Omission of Keller surprises no one.By Jerry Langdon
Gannett News Service
(Monday, May 17, 1999) -- To the surprise of no one, Debbie Keller was not selected for the United States team roster for the 1999 FIFA Women's World Cup.
She angered many in the soccer community with the controversial sexual harassment suit she and former University of North Carolina teammate and reserve goalkeeper Melissa Jennings filed last summer against legendary Tar Heels coach Anson Dorrance.
Despite scoring 14 goals last year, the forward made only a one-week appearance in training camp this spring. She complained she was being kept off the team due to the lawsuit.
Coach Tony DiCicco denied that was the reason, and a suit brought by Keller against the U.S. Soccer Federation to get her into training camp was thrown out. But some observers felt his top priority in the matter was to maintain morale and not cause divisiveness on the team, which has eight past or current North Carolina players.
Ironically, the main problem for the United States in matches leading up to the World Cup has been failure to convert scoring opportunities. DiCicco first had Kristine Lilly move from left midfield -- where she generally was acknowledged as the best in the world -- to a central forward position so she could be more involved in the offense.
The other strikers in the three-forward offense were Mia Hamm, the all-time U.S. scoring leader who frequently drew double-teams, and Tiffeny Milbrett, who developed into a standout performer after playing professionally in Japan.
The alignment sputtered.
The reason? Perhaps size, or lack thereof. Hamm is the tallest, at 5-5. Lilly is next at 5-4, and Milbrett is a miniscule 5-2. All are in the 125-130-pound range -- hardly the prototype target player.
DiCicco, though, had a pair of bigger forwards in abeyance, 20-year-old Cindy Parlow (5-11, 145) and 23-year-old Danielle Fotopoulos (5-11, 165). He moved Lilly back to midfield, where she has been brilliant, and went up front with the versatile and experienced Parlow, whose development was slowed for several months by a hamstring.
Keller, a 24-year-old forward (listed as 5-4, 135 in the 1998 media guide, not listed in '99), tied for second among U.S. goal-scorers in '98 (she also had two assists), starting seven games, subbing in 16 others -- for a total of 955 minutes.
Milbrett, who also had 14 goals (and nine assists), started 19 games and played 1,377 minutes. The top scorer was Hamm with 20 goals and 20 assists in 21 starts comprising 1,576 minutes.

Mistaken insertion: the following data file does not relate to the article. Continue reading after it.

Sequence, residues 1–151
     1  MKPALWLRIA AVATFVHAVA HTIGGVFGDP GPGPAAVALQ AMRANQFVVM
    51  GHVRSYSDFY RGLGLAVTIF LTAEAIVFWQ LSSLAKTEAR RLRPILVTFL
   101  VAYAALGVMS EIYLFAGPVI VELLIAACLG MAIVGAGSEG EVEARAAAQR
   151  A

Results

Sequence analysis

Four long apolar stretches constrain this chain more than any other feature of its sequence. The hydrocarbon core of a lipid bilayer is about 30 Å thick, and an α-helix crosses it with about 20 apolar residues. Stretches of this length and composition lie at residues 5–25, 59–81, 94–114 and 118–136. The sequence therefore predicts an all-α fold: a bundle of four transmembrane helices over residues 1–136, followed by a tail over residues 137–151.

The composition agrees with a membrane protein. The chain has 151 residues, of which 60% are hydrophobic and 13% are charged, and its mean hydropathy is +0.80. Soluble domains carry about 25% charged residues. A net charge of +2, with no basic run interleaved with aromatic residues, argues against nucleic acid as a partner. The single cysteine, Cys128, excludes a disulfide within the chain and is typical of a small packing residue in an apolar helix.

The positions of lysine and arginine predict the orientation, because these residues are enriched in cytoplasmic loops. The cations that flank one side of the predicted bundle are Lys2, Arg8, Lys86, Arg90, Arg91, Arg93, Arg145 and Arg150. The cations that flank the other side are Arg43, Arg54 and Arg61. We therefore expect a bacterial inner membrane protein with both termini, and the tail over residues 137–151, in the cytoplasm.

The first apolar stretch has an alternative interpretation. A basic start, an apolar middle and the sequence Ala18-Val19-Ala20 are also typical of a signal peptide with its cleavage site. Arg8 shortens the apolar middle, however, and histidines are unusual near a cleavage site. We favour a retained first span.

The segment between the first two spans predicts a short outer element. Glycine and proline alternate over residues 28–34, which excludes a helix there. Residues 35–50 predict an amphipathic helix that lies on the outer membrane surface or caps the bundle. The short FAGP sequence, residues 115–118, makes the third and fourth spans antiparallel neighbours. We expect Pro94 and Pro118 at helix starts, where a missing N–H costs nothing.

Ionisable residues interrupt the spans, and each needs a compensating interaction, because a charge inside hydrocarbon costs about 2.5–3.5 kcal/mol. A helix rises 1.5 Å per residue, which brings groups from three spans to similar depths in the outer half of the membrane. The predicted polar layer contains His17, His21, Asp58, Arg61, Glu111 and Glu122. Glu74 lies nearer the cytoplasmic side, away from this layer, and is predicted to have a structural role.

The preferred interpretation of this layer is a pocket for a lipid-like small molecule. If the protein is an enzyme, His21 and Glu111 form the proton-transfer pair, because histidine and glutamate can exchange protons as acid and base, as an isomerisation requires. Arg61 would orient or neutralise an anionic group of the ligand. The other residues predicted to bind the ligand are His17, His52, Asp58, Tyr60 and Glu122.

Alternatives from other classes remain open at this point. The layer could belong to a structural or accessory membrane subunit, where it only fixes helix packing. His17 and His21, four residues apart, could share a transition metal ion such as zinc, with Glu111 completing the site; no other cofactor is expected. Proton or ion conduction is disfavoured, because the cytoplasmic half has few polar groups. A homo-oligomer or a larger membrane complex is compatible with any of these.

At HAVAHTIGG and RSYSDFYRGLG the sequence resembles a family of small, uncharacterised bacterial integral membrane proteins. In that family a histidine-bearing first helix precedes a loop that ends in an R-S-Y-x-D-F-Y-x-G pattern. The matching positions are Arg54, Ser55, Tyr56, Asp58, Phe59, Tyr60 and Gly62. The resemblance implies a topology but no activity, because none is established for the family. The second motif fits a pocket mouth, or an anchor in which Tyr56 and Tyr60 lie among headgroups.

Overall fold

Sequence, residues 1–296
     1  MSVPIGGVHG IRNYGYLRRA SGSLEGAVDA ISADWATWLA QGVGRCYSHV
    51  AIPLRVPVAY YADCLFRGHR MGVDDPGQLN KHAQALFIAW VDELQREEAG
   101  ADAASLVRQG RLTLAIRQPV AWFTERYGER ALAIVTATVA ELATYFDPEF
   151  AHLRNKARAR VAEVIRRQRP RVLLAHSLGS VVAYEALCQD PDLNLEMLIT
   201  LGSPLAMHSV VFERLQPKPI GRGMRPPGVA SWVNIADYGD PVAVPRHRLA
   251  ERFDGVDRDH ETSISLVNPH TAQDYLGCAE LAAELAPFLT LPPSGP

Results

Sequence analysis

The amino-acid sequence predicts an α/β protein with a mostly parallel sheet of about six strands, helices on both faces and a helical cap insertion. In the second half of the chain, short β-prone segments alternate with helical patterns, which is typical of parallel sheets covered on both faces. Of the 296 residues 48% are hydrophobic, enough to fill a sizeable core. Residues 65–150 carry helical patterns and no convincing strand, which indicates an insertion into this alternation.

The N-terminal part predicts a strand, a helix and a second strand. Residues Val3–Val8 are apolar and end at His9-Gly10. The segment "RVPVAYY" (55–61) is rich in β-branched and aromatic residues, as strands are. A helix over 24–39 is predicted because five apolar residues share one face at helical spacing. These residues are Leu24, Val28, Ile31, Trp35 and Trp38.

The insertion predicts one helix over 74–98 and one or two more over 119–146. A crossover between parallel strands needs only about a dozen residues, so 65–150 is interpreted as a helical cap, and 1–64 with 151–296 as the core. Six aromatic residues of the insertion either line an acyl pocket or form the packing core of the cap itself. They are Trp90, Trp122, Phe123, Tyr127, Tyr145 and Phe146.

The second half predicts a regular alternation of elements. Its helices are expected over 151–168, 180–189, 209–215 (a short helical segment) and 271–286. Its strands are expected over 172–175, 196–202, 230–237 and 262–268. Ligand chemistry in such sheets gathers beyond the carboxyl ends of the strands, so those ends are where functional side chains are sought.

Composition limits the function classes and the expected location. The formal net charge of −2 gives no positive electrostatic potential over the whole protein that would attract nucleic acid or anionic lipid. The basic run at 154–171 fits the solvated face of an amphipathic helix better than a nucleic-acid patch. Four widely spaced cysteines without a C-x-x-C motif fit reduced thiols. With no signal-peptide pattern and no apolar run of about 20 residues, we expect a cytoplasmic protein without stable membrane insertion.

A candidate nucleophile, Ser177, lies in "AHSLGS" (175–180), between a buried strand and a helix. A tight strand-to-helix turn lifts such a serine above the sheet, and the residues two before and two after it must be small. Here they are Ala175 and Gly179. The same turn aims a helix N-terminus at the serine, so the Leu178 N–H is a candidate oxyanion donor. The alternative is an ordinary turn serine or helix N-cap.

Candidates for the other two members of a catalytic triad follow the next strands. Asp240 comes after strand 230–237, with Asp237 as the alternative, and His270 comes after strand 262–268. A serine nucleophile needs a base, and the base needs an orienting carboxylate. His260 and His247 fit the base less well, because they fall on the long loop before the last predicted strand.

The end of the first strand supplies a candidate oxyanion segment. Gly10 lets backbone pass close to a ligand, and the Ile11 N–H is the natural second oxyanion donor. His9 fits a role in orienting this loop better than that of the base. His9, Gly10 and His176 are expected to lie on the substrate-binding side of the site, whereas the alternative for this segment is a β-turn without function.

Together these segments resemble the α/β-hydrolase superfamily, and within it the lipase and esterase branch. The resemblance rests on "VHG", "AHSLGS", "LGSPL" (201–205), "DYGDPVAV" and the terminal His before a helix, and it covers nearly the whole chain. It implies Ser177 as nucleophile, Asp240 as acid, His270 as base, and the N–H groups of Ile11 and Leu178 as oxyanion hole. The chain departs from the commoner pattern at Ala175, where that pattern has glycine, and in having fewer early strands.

Most of Keller's goals came against weak opposition, but the same was true about Milbrett. Both scored just twice against top opponents China, Brazil, Norway, Germany, Denmark and Sweden -- while Hamm had 12 goals against these elite teams.
Milbrett's goals came against countries the United States beat by a combined 55-1. Keller's goals came against opposition the Americans beat by a combined 47-2, but included three goals in 2-1 and 2-0 wins in Japan.
DiCicco early in the spring expressed pleasure with his six-deep group of forwards -- Hamm, Lilly, Milbrett, Shannon MacMillan, Parlow and Fotopoulos -- but Lilly since was moved, and MacMillan has appeared frequently in midfield as well when the United States goes to a four-midfield lineup.
Fotopoulos, awkward at times, has the physical presence to create and score one-on-one but lacks international experience, just 202 minutes' total from 1996-98.
Keller, with 46 international appearances, including scoring a goal in the 1995 World Cup in Sweden, is not creative but has a sense loose balls in the penalty box area and converting them. She played professionally in Denmark in May.
DiCicco's position is that she had not established herself as a starter and that other young players needed to be considered for the 20-player roster announced Monday.
The men's team had a more controversial omission leading up to the 1998 World Cup in France,
when Coach Steve Sampson dropped captain/midfielder John Harkes. And Coach Bora Milutinovic
raised eyebrows in 1994 by dropping 1990 World Cup defender Desmond Armstrong.
Jerry Langdon is sports editor of Gannett News Service and can be e-mailed at
Jerry Langdon is sports editor of Gannett News Service and can be e-mailed at firstname.lastname@example.org.